• “The enhanced local updraft causes an increase in convection [our emphasis] near the vorticity maximum. This enhanced convection causes the low-level vorticity near the convection to increase (e.g. Haynes and McIntyre 1987; Raymond and Jiang 1990; Tory et al. 2012).”

  • “The convectively induced local concentration of vorticity further strengthens the radial vorticity gradient on the outer edge of the maximum, and hence the frictionally forced updraft. The interaction between the BL and convection thus creates a positive feedback that causes the secondary eyewall to continue to develop.”

A schematic of the proposed four-step feedback mechanism is sketched in Fig. 1. The sketch does not reflect the first step by which “some process” elevates the vorticity of the gradient wind to initiate the feedback process. The referred updraft maximum is that of the Ekman-induced frictional updraft near the top of the hurricane boundary layer (see displayed equation below). The feedback mechanism presumes that the vorticity at the top of the boundary layer may be accurately represented using the gradient wind near the top of the boundary layer.

Fig. 1.
Fig. 1.

Schematic diagram illustrating the new SEF feedback mechanism proposed in K13 (his section 6). In brief, an increase of the gradient wind vorticity (by some process not sketched, bottom of cartoon) near the top of the BL is argued to cause an increase in the magnitude of the radial vorticity gradient and the Ekman updraft velocity at the BL top. An increased Ekman updraft velocity is then presumed to result in an increase in the convection above the BL, an attending increase of the gradient vorticity at the BL top, a further strengthening of the corresponding radial vorticity gradient on the outer edge of the vorticity maximum, and so on. See text and/or K13 for more detailed description of the feedback loop. The angle brackets denote an azimuthal average of the corresponding quantity inside the brackets. The azimuthal average is to be carried out on a constant height surface. Equation (22) from K13 is reproduced here, for completeness, as the displayed equation in section 2.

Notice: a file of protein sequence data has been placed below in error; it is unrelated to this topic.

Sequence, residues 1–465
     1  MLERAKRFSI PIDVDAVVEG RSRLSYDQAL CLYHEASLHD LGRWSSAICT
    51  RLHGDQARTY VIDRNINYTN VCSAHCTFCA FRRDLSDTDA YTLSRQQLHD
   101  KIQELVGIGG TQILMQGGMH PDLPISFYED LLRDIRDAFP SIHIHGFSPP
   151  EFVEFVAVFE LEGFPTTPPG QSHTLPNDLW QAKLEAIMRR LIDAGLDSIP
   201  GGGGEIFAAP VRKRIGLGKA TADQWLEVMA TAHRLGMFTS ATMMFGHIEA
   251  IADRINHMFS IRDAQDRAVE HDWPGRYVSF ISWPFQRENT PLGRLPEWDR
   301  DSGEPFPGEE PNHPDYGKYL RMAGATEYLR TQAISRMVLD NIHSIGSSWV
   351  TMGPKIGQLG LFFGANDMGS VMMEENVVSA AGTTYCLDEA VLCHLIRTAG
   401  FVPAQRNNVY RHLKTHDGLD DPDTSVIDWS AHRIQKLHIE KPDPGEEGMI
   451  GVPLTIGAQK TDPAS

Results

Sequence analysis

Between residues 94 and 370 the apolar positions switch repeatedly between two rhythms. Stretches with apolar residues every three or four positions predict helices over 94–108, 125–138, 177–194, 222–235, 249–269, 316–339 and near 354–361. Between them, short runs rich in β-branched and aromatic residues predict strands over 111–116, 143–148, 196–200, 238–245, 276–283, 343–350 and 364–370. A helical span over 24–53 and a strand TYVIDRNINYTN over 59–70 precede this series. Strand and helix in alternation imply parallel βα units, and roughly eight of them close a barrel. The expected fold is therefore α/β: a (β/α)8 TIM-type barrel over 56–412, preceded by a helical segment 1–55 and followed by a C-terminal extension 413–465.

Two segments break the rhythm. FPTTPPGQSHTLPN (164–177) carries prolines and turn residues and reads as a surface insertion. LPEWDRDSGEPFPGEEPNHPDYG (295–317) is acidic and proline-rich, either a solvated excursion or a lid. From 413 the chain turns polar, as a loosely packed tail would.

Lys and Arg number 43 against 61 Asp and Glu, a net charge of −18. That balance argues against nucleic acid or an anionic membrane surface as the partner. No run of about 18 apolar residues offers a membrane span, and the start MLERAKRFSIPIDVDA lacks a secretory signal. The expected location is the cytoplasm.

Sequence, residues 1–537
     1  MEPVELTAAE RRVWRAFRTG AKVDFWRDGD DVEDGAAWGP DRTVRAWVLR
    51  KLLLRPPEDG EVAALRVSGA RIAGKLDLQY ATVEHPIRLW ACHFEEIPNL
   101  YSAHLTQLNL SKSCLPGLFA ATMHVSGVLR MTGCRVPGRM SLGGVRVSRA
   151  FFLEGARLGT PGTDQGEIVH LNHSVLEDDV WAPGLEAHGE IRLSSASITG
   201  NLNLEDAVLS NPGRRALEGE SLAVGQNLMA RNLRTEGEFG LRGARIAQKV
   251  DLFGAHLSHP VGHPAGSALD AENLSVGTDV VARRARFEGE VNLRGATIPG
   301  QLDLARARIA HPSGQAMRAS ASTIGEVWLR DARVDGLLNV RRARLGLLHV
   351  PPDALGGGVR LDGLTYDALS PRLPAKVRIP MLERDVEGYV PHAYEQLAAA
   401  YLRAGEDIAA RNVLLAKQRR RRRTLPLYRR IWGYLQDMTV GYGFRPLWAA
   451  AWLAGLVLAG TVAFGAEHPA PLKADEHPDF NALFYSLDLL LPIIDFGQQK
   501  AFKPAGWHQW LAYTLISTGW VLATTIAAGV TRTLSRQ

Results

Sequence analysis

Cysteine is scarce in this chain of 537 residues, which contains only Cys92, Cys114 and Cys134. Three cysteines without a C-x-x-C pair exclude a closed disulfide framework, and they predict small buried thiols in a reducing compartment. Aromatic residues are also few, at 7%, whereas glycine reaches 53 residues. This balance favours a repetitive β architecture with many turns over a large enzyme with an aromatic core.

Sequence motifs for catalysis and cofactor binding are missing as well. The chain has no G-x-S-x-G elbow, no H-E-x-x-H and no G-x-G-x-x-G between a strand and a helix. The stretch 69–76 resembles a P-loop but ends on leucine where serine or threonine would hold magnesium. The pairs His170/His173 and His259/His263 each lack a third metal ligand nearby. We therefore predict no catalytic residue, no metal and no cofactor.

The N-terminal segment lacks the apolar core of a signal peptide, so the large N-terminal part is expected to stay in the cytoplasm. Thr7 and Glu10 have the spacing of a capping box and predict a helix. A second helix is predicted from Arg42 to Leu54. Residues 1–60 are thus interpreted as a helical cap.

Citation: Journal of the Atmospheric Sciences 71, 12; 10.1175/JAS-D-13-0286.1

The reason for the present focus on the Ekman-like updraft in the proposed feedback loop (represented in Fig. 1) stems from section 5 of K13 entitled “Insights from linear Ekman theory” and the subsequent summary provided in section 6 entitled “Discussion: The role of the boundary layer in secondary eyewall formation” where the author states (p. 2828, right column) “…the approximate location and strength of the updraft are determined by much simpler dynamics [our emphasis], namely the near balance between radial advection and the surface sink of absolute angular momentum; while there are differences of detail between the models, they can be reasonably well predicted from the gradient wind alone. It is the location of the increased vorticity outside of the primary eyewall that determines where the outer frictional updraft forms.